The quadruple mutant is also stable as transmembrane β-sheet. However, compared to the other Aβ42 variants it is more flexible inside the membrane. The complete removal of charged residues inside the membrane induces peptide flexibility in the upper leaflet, involving residues 15–19 and 37–38 (see RMSF analysis in Fig. 3B). Because of the missing constraint from the salt bridge between residues D23 and K28 an extended loop is formed involving residues G22–A30. The stability of this mutant as transmembrane β-sheet can thus be attributed to i) the inherent stability of this sheet structure, and ii) hydrophobic interactions between the peptide (its hydropathy index is 26.4) and the membrane core. Furthermore, the structure of the peptide is not perturbed by charged peptide residues positioned in the membrane core.

Aβ42 Monomer: Effects of Charge Removal on Lipid Bilayer

Area per lipid.

Table 1 summarizes the effects of the Aβ42 mutants on lipid bilayer properties. It shows that the insertion of Aβ42 into a POPC bilayer leads to a decrease in the area per lipid compared to the peptide-free bilayer. This area reduction is largest for WT Aβ42 with area values of 6–7 Å2 below the value for the pure POPC bilayer. It results from electrostatic attraction and H-bonds between Aβ42 residues and lipid headgroups. Removal of charged Aβ42 residues results in smaller reductions of the area per lipid with most values being only 2–4 Å2 below the area of the peptide-free POPC bilayer. Interestingly, for E22G, where peptide charges were removed in the lower leaflet, not only the area per lipid in the lower but also in the upper leaflet are larger compared to WT Aβ42. This result shows that the lipid packing in both leaflets is coupled to each other. For D23G, on the other hand, the area per lipid is reduced by about 5 Å2 in the upper leaflet and slightly increased in the lower leaflet compared to the peptide-free POPC bilayer. This behavior can be explained by the conformational instability of the D23G mutant inside the bilayer, which causes the whole peptide to move upward and bend to allow E22 to interact with the upper headgroups.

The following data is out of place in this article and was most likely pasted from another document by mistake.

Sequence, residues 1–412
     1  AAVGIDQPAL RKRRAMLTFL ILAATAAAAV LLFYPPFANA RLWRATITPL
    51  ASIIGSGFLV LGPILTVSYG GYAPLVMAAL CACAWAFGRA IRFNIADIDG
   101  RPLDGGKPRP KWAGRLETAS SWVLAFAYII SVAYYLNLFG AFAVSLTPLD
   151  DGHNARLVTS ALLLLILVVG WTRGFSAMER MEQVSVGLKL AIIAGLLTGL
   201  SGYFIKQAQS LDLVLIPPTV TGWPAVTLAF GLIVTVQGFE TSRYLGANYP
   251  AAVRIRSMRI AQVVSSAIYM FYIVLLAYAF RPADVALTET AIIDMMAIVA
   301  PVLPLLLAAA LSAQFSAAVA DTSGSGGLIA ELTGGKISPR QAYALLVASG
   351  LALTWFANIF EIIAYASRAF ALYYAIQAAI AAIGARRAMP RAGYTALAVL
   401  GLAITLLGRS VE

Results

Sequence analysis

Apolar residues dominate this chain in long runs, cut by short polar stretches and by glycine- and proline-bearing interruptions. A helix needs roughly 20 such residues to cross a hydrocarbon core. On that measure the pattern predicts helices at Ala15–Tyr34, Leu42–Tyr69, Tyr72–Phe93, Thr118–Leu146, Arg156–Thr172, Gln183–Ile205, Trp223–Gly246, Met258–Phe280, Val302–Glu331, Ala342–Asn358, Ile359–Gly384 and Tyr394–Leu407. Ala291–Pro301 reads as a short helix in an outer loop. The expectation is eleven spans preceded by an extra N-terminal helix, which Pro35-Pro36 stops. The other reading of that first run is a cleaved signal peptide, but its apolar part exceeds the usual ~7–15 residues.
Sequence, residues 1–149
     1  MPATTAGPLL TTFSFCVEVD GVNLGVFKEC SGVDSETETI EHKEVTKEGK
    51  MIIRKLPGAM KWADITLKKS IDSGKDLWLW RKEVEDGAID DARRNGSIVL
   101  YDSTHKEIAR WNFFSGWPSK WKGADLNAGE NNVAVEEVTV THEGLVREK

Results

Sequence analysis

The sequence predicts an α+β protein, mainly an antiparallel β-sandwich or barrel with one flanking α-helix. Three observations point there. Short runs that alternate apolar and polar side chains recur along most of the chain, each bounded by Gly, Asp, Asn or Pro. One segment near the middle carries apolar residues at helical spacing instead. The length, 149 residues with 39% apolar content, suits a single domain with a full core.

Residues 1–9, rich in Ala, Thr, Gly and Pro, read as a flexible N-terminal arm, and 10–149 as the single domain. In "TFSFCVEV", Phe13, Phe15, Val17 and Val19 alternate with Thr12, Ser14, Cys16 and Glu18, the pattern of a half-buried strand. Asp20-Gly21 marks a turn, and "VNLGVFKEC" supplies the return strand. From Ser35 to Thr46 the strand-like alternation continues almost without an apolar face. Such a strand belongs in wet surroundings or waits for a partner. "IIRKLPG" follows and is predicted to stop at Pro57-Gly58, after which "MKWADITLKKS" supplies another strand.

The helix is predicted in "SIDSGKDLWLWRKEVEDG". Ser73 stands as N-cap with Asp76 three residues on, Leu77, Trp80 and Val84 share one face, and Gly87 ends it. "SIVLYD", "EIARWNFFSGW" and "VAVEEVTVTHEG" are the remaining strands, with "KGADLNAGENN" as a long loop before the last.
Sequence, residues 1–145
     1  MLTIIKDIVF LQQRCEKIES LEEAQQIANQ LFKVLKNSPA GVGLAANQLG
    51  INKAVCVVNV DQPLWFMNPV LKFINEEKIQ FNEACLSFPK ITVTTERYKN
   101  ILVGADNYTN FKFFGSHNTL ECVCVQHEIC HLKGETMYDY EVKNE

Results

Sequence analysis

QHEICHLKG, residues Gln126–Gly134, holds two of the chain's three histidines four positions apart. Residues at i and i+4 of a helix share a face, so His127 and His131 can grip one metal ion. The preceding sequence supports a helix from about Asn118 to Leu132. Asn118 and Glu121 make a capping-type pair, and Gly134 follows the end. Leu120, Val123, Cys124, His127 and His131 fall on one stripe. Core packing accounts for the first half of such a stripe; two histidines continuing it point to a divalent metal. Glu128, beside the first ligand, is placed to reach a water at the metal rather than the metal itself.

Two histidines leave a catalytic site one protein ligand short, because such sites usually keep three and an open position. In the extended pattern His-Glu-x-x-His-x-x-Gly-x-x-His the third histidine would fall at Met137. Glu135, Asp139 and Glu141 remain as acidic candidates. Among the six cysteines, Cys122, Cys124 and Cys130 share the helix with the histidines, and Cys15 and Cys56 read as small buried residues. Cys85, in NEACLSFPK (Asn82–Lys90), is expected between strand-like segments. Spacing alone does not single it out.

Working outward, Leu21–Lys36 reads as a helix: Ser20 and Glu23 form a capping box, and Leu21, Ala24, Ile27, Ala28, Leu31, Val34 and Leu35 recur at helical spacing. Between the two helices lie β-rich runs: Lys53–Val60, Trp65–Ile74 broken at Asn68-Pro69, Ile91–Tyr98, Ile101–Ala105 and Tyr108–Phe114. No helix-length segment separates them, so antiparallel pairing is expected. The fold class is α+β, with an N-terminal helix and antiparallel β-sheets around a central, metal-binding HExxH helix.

Bilayer thickness.

This D23G–POPC interaction also leads to a marked reduction of the bilayer thickness around the peptide, which is for D23G most pronounced compared to the other mutants (Figs. S8 and S9 in File S1). For the average bilayer thicknesses we find that they are hardly affected by embedded Aβ42 with thickness changes within ±0.05 nm compared to the peptide-free POPC bilayer (Table 1). However, Fig. S9 in File S1 reveals that the POPC bilayer thickness around Aβ42 is decreased in order to improve the hydrophobic matching between bilayer and Aβ42, whose hydrophobic width is smaller than those of the lipids (i.e., negative hydrophobic mismatch). The POPC bilayers have a thickness of about 2.5–3.0 nm in the neighborhood of the Aβ42 peptides, which corresponds to the hydrophobic width of the latter for β-sheet structures. However, for the quadruple mutant we observe only minor changes to the bilayer thickness around the peptide, because the four mutations increase the hydrophobic width of the β-sheet. In general, the thinner bilayer region close to Aβ42 is compensated by a slight increase in thickness of the bilayer as the distance from Aβ42 increases [49], [51], [79]. Because of this compensation effect the average bilayer thicknesses of the Aβ42/POPC systems are nearly identical to the thickness of the peptide-free bilayer.